I came to Imperial because it’s one of the best science institutions in the world, there is no doubt about that. The medical school is in the top three in the UK and Imperial is well known for engineering, bio-engineering and chemistry as well. When you combine business with science, some really exciting things begin to happen. Currently at Imperial, there is an absolute hotbed of activity within technology, especially medical technology and there are many opportunities for MBA students to get involved. I could have chosen to go to other business schools – CASS, LBS but they don’t have that science facet to them. That was what excited me about Imperial. I only applied to this business school.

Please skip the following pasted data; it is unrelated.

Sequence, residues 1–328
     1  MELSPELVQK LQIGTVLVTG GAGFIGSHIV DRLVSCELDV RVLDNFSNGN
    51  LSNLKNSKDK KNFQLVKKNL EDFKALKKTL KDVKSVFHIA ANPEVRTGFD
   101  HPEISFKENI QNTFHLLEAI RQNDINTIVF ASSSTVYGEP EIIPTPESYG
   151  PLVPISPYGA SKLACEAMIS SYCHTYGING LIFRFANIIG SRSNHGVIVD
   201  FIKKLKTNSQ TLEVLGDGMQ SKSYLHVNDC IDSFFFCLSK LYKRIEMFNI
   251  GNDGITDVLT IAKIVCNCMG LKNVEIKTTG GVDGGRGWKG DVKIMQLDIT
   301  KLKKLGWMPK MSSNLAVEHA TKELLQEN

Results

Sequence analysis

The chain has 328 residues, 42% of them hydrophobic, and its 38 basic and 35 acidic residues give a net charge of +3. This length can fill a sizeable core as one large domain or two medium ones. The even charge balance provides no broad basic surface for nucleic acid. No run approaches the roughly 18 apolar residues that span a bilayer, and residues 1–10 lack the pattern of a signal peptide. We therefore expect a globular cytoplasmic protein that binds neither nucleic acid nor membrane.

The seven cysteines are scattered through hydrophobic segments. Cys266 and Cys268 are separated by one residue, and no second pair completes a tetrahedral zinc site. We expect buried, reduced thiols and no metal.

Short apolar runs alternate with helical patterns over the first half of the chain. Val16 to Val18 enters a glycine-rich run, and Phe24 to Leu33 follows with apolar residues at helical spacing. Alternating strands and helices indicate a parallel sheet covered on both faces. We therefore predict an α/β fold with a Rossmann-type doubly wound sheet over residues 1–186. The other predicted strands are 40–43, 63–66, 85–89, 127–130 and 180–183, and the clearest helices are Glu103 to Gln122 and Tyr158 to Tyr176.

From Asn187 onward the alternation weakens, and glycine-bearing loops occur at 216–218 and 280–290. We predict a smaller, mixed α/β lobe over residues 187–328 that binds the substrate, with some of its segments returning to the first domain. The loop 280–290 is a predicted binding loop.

I had a very limited understanding of business just having dealt with the medical world. The core modules were challenging yet achievable and the whole programme gives you a broad foundation. If you had asked me a year ago to prepare financial statements in an accounting exam, I wouldn’t have even known what they were. I may not ever have to use those skills again, but I now have a more holistic understanding of my industry and how the medical aspects fit in with the whole business. I believe this 360 degree understanding of business in my future work will lead to better relationships with internal and external stakeholders.